We can use the arrow functions to declare setter functions and set the value of object literals effortlessly. Let's look at an example.

 

// Object literal setter using regular functions
const setStudentDetail = function(rollNo, name) {
   return {
       rollNo: rollNo,
       name: name,
   }
}

console.log(setStudentDetail(1,"Sapna"));


// Object literal setter using arrow functions
const setStudentDetail = (rollNo, name) => ({ rollNo: rollNo,name:name,
});

console.log(setStudentDetail(1, "Sapna"));

 

Output:

{ rollNo: 1, name: 'Sapna' }

Benefits of using Arrow functions in JavaScript

Some of the benefits of using arrow functions in JavaScript are as follows:-

  • Arrow functions have shorter syntax than regular function expressions.
  • Arrow functions have implicit return statements.
  • Arrow functions increase readability.

Limitations of using Arrow functions in JavaScript

Some of the limitations of arrow functions are as follows:-

  • Arrow functions are anonymous and can be harder to debug. However, we can assign them to a variable for more clarity.
  • Arrow functions cannot be used as constructors.
  • Arrow functions do not have new.target keyword.
  • Arrow functions do not have their own bindings to this or super and should not be used as methods.
  • We usually cannot use an arrow function as a method.
  • Arrow functions cannot be used as a generator function.
  • The call, apply and bind methods cannot be used with arrow functions.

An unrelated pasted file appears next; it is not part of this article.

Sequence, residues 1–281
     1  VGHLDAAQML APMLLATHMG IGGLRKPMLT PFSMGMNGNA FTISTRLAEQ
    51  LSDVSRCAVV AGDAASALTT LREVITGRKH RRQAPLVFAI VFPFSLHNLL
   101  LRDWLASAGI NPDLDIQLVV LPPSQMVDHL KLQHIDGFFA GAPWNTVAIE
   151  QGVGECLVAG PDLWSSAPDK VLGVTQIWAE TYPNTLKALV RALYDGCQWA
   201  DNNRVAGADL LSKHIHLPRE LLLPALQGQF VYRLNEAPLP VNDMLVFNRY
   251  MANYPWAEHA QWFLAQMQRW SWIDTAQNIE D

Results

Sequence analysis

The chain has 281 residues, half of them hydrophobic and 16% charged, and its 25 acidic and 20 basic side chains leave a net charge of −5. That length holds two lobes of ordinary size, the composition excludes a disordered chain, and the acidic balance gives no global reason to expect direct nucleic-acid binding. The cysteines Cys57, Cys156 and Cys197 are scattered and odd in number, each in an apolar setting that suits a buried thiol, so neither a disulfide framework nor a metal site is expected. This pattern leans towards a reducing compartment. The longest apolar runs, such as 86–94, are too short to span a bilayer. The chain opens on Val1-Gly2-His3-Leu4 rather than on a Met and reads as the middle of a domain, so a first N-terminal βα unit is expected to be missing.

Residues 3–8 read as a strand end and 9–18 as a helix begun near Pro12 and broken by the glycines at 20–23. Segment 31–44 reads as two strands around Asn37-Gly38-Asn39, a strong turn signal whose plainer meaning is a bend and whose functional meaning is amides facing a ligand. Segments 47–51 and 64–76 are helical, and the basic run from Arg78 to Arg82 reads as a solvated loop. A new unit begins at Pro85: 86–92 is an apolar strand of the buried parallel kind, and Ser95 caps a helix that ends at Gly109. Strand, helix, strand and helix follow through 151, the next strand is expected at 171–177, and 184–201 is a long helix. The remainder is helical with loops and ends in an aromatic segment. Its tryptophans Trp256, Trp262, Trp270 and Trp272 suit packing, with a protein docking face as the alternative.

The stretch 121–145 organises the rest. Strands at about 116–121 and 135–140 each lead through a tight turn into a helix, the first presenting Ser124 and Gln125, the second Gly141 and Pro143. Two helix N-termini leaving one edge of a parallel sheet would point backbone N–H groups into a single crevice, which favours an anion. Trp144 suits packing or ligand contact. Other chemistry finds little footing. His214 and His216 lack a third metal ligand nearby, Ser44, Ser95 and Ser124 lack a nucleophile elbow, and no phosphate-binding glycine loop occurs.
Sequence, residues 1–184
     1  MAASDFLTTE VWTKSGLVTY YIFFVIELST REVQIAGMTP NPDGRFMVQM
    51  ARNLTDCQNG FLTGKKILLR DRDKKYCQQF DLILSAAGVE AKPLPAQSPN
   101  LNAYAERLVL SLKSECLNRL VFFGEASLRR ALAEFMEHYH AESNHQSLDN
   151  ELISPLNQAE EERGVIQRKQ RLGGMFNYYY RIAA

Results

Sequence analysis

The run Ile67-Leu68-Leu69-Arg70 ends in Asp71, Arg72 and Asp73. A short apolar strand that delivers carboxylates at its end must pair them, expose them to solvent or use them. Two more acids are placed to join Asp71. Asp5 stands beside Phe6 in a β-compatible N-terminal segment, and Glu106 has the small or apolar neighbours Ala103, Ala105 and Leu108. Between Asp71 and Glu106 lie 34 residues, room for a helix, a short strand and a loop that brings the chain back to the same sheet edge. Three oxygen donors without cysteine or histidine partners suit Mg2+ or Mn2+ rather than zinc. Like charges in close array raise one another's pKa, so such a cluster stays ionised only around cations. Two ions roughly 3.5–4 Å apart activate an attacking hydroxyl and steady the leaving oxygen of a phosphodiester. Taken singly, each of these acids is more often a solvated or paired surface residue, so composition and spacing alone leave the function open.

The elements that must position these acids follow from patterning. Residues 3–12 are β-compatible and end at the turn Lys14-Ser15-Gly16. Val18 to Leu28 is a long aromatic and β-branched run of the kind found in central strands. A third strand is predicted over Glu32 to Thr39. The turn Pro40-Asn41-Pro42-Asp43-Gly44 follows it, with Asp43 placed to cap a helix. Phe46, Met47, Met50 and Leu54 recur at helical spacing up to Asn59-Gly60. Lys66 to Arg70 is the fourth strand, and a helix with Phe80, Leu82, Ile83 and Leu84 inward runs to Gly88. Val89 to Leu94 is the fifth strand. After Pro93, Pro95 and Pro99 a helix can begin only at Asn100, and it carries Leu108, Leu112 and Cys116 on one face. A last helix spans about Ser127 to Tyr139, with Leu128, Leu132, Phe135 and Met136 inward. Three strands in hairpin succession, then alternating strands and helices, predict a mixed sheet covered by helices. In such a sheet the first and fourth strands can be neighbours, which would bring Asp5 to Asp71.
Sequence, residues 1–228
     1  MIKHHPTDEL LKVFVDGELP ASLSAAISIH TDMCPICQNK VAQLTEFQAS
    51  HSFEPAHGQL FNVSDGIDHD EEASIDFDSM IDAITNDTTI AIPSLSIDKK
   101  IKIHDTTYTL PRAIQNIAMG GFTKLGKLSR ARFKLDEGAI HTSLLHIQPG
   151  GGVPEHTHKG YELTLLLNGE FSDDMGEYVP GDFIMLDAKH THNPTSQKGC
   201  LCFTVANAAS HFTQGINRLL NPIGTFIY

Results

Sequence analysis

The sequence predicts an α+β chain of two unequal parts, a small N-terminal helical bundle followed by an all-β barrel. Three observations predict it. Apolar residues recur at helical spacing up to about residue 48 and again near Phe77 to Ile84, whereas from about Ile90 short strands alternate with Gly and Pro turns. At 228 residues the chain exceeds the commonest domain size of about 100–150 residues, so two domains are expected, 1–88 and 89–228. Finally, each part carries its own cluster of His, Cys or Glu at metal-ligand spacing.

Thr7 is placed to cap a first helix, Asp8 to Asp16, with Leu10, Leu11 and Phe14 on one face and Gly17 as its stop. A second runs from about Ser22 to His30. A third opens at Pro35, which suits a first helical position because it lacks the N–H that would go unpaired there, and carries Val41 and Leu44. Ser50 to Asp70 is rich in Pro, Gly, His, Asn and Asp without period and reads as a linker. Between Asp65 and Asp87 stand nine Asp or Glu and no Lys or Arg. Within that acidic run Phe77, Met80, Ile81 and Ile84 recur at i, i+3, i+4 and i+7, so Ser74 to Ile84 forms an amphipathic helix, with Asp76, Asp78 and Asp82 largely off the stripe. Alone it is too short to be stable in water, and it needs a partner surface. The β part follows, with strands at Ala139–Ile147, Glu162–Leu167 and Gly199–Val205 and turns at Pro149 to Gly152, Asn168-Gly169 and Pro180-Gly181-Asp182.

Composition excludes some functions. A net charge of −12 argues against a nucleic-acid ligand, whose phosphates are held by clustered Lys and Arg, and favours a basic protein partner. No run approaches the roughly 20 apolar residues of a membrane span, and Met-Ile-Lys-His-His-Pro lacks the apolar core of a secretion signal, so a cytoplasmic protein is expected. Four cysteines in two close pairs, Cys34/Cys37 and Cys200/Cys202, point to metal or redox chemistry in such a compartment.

Frequently Asked Questions

1. When can we omit return in arrow functions?

Ans:- Return can be omitted when there are no curly brackets. This is because arrow functions use implicit returns when written without curly brackets. In contrast, when there are curly brackets, we have to use return explicitly.

 

2. Does an arrow function have a prototype property? 

Ans:- The function has the prototype property when a function is defined by the regular method using a function keyword. However, arrow functions in JavaScript don't have the prototype property.

 

3. Where are arrow functions frequently used?

Ans:- Arrow functions are frequently used in promise chaining, callback chaining, array methods, and situations where anonymous functions would be useful.

 

4. How to make arrow functions in JavaScript asynchronous?

Ans:- We can make an arrow function asynchronous by using the async/await.
 

5. Why can arrow functions not be used as generators?

Ans:- We cannot use the yield keyword within an arrow function's body. Hence, arrow functions cannot be used as generators.

Key Takeaways

This blog covered the basic concepts of arrow functions in JavaScript in detail and various examples and frequently asked questions. 


Don't stop here. Check out our Basics of JavaScript - guided path to learn JavaScript from scratch. If you are preparing for JavaScript Interviews, check out the blog Javascript Interview Questions.